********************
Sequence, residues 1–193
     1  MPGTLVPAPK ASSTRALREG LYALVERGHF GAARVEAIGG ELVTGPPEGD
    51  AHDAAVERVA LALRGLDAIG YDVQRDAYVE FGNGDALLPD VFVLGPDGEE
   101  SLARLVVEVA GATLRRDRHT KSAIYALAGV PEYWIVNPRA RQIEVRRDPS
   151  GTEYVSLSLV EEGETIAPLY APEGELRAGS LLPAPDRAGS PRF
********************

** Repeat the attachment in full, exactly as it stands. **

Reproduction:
Sequence, residues 1–193
     1  MPGTLVPAPK ASSTRALREG LYALVERGHF GAARVEAIGG ELVTGPPEGD
    51  AHDAAVERVA LALRGLDAIG YDVQRDAYVE FGNGDALLPD VFVLGPDGEE
   101  SLARLVVEVA GATLRRDRHT KSAIYALAGV PEYWIVNPRA RQIEVRRDPS
   151  GTEYVSLSLV EEGETIAPLY APEGELRAGS LLPAPDRAGS PRF